|>>|| No. 81916
I don't really see why I should care for their fear in the first place.
I mean, if just one porky pays his fucking taxes, and in turn 5 less disabled people are sanctioned to death, even if a good bit of his family are kidnapped and beheaded by yobs we're still up in terms of lives saved.
|>>|| No. 81917
>the banking sector is terrified that a bunch of black bloc will turn up in a van and kidnap them.
>there are people who's day job is to consider it a credible threat.
As an armchair anarchylad, this only serves to make me feel rather vindicated.
|>>|| No. 81919
Yeah, his erroneous usage of "who's" instead of "whose" put me off too.
|>>|| No. 81920
Maybe they should have thought about that before becoming greedy bastards?
|>>|| No. 81922
What about their kids? Did they choose to be the son or daughter of a multi-millionaire? Do they deserve to be abducted by Serbian gangsters because their dad owns an oilfield or a pharmaceutical company?
|>>|| No. 81923
No more than the children of single parents or poor families deserve to do less well in life than their better-off peers.
|>>|| No. 81924
The clusterfuck surrounding the Class 4 NICs is getting just painful to watch. In the past we've had them struggling to properly oppose things, and then something comes up that they could really get behind and they come out opposing it.
Meanwhile, the Conservatives potentially have their majority at risk with twelve police forces having submitted at least one file to the CPS over election expenses, and another five still looking into the matter. That means potentiallly dozens of by-elections, which will of course be unwinnable with Jezza in charge.
|>>|| No. 81925
It was easily the worst performance I've ever seen at PMQs. The Tories have had an absolutely shocking week, staggering from cockup to scandal. A decent opposition would have torn them to pieces. The PM should have left the house looking ashen-faced, but she was laughing and joking; the Labour backbenches looked utterly funereal.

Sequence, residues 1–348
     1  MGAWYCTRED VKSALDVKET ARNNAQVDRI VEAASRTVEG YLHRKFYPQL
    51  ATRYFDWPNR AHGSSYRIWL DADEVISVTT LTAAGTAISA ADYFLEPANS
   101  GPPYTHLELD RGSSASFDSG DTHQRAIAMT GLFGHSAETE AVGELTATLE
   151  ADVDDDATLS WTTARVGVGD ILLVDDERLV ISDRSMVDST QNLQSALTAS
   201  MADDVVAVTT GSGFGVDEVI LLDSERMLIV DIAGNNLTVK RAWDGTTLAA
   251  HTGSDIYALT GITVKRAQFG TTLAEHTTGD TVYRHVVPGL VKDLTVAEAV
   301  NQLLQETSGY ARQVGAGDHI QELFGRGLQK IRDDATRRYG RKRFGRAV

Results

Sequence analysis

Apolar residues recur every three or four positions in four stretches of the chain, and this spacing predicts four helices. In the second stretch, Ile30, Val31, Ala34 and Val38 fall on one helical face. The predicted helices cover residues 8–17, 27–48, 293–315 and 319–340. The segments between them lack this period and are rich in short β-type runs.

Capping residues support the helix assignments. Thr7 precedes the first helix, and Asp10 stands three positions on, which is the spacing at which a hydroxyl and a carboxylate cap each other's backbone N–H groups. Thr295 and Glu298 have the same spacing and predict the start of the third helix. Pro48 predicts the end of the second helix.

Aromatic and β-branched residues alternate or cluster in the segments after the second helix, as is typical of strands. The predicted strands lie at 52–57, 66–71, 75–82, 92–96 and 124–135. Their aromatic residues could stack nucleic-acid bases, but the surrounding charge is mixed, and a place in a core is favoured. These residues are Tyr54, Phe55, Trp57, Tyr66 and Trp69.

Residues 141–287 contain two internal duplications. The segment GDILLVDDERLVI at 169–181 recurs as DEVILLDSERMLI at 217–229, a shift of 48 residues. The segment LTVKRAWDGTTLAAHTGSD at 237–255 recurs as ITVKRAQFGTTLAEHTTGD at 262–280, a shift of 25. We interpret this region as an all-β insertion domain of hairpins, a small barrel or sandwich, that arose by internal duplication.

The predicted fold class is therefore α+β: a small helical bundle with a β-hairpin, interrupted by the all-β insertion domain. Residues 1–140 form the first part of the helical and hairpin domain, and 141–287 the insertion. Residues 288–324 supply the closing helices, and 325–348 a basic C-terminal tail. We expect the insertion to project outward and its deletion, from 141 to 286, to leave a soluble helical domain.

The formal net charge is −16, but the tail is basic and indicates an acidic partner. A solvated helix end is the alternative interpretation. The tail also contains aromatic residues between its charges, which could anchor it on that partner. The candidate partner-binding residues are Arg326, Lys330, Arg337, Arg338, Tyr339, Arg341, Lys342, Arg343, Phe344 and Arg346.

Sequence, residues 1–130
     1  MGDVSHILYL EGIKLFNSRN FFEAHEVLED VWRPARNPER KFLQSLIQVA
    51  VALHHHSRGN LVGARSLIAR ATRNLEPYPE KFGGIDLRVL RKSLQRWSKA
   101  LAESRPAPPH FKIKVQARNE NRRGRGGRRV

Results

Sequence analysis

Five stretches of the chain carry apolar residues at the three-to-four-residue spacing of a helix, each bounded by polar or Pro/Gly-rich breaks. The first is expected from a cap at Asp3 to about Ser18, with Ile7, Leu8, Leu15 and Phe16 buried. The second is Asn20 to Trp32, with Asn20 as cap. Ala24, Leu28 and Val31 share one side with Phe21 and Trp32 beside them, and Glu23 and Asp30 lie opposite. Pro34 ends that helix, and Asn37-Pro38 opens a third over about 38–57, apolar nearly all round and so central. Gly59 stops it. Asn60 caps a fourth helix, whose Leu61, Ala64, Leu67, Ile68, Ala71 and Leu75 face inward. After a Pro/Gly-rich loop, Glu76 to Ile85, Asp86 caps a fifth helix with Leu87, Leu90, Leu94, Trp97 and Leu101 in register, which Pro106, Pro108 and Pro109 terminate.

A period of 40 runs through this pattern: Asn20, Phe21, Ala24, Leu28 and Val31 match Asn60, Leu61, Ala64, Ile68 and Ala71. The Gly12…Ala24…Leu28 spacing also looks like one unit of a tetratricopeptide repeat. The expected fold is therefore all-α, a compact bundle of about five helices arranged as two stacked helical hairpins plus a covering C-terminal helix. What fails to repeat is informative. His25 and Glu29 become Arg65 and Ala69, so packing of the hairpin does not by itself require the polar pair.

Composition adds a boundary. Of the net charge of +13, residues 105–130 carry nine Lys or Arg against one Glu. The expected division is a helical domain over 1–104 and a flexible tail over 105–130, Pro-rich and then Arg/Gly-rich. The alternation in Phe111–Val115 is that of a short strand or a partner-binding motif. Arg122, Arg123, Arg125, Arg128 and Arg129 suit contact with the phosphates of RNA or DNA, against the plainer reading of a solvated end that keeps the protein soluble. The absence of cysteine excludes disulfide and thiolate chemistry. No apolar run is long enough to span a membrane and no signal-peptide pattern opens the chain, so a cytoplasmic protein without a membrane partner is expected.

Peston quoted a senior Tory describing Corbyn's performance as "that moment in seal culling when you look away". You know it's come to something when the Tories are moving from derision to pity. Yvette Cooper landed the best blow from the Labour benches, but the SNP made the official opposition look like amateurs.
It's an utterly depressing state of affairs, regardless of your party affiliation. We're entering the most turbulent political period in living memory without any effective opposition. We're lacking an essential part of a functioning parliamentary democracy at a time when we need it most. Theresa May is a complete shitshow, but she looks like a political genius by comparison.
|>>|| No. 81929
I am right wing. Hard right wing. Somewhere betwen UKIp and the Tories depending on what you're asking about.
Labour's lack of opposition is incredibly frustrating. You cannot have a functioning government if the only faction that holds it to account is itself.
Aside from that, the Liberal Democrats are neither liberal nor democrats, the Scottish -turn''Party live up to their name but fuck it up regardless, and thus we're essentially stuck with a government of majority 12 or so that may as well be 120. I ike Theresa May. I think she's genreally pointing in the right direction. I was a bit confused and worried by the 'U'turn' on NICs. I thought it was highly justifiable and generally a good ironing of tax policy, but it was shot down because it faced fire in the face of no political opposition whatsoever other than talk radio. It made her look weak and incompetent.
Anyway, there's my splurge.
|>>|| No. 81932
>the Liberal Democrats are neither liberal nor democrats
I've seen this written before but it seems so nonsensical. Is it just a Brexit thing?
|>>|| No. 81945
A hard-left plot by supporters of Jeremy Corbyn to seize permanent control of the Labour party and consolidate their power by formally joining forces with the super-union Unite can be revealed by the Observer.
The plans, described on Saturday by Labour’s deputy leader Tom Watson as “entryism” and a covert attempt by a leftwing faction to take over the party, were spelled out in detail by Jon Lansman, the founder of the grassroots organisation Momentum, who was secretly recorded addressing supporters at a meeting of a new branch of the organisation in Richmond, south London, on 1 March.
On the tape, obtained by the Observer, Lansman issues a call to arms to Momentum supporters, saying they need to make sure the left is far better represented in key positions at all levels of the party so they have control over the levers of power when Corbyn departs and the succession is decided.